A change of pace

A cut in taxes would be nice. But you don't need reasons to be cheerful, do you?

Waking up to read the BCC’s report that the UK is “already in a recession” feels a little strange this morning.

I’m used to gloomy forecasts and doom laden surveys, and I’ve been expecting an acknowledgement that we’re finally in a recession proper for some time now. It’s just a jarring change of pace from last night, when I attended the Ernst & Young Entrepreneur of the Year awards at The Grosvenor House Hotel in Park Lane.

The organisers appear to be in some kind of arms race of glitz against other ceremonies, and they’re winning hands down. Next year, I’m half expecting to have to negotiate a red carpet and an army of paps before I even get in. Still, it was an enjoyable and well organised event, with master of ceremonies Joanna Lumley helping to distract me from my chief criticism: the distinct lack of females among the nominees, never mind the winners.

Yet the most striking aspect of the evening was the relentless and defiant optimism of the entrepreneurs who spoke. I’ve been wondering when the general economic sentiment is going to feed through and depress entrepreneurs for some time now, and I’m starting to conclude it probably won’t. If they can be this upbeat with general business confidence, profits and turnover now at record lows and  unemployment set to rise by up to 350,000 in the next year, optimism must be hard wired into their genes.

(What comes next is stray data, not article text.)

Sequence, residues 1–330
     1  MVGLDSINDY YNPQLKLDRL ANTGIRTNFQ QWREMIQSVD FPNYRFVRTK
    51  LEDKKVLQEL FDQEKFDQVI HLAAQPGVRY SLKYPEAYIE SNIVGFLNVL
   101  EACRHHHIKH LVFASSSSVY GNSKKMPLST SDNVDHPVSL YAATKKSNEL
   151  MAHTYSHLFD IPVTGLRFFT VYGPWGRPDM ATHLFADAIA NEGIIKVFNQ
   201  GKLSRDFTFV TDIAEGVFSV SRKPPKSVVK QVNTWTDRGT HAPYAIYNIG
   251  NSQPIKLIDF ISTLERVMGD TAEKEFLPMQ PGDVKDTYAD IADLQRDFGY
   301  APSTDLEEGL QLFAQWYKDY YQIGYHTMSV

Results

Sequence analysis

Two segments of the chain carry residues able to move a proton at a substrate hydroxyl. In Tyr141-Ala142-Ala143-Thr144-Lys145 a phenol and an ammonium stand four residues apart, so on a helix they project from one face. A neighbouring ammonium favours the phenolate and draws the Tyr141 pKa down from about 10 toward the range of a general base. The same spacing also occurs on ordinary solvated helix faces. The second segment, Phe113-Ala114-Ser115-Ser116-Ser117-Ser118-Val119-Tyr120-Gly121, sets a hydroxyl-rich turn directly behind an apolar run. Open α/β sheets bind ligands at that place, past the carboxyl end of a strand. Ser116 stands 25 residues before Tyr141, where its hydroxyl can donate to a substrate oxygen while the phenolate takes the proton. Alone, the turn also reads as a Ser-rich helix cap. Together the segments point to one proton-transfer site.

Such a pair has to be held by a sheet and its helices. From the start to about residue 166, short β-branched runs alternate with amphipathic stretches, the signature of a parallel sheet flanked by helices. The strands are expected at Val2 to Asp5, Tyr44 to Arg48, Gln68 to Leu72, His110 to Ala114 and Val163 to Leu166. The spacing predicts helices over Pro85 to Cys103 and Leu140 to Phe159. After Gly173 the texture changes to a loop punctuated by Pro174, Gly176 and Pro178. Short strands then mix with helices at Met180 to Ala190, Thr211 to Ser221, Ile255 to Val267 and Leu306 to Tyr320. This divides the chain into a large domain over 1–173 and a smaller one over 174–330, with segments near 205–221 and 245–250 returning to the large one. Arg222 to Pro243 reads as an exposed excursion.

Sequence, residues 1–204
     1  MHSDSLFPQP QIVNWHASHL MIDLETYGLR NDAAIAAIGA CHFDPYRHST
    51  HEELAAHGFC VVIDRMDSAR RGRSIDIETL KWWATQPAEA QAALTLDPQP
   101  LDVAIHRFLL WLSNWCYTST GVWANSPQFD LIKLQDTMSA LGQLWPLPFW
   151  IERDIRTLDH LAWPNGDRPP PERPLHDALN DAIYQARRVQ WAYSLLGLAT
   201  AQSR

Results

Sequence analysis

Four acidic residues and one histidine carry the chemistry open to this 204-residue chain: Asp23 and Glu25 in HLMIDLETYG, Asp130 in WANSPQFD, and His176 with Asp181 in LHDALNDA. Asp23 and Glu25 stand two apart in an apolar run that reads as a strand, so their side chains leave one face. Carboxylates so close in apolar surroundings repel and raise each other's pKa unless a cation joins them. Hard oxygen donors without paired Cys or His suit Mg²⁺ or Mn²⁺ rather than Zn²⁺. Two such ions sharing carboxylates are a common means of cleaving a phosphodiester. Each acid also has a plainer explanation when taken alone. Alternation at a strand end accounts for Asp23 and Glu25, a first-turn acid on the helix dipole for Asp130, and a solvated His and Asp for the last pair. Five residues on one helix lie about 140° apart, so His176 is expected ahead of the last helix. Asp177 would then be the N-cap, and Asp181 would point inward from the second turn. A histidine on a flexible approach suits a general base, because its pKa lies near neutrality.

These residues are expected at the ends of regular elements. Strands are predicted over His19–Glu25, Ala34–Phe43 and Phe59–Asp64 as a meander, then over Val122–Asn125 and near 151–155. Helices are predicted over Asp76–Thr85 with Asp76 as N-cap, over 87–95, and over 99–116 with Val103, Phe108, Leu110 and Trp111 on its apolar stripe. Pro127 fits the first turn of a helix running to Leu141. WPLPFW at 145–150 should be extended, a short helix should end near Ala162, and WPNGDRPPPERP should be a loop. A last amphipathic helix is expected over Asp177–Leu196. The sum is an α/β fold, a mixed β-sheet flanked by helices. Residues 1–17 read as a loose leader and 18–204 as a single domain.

Entrepreneurs might not need to be given reasons to be cheerful, but if the banks are deserving of a hand, then so are they; I agree with BCC director general David Frost, who has called on the government to slash business taxes. He’s urged politicians to get behind businesses to help them cope with “challenging” times. When you’re being squeezed from every side, a bit of leeway from the tax man goes a long way and would put some substance behind the hot air that the Labour party spouts on its enterprise record.

Last night’s young entrepreneur category was an interesting one – our 2008 list of Growing Business Young Guns is due out at the end of this week, so it was good to see this year’s Top Gun nominated in the category. That might be a pretty strong hint as to his identity, but all will be revealed very shortly right here, so watch this space. In the end, it was Rob Small, one of our class of 2007, who walked away with that award. Congratulations to Rob, who has established one of the world’s largest privately held websites and made money from a dancing George Bush. Now that’s cause for optimism.


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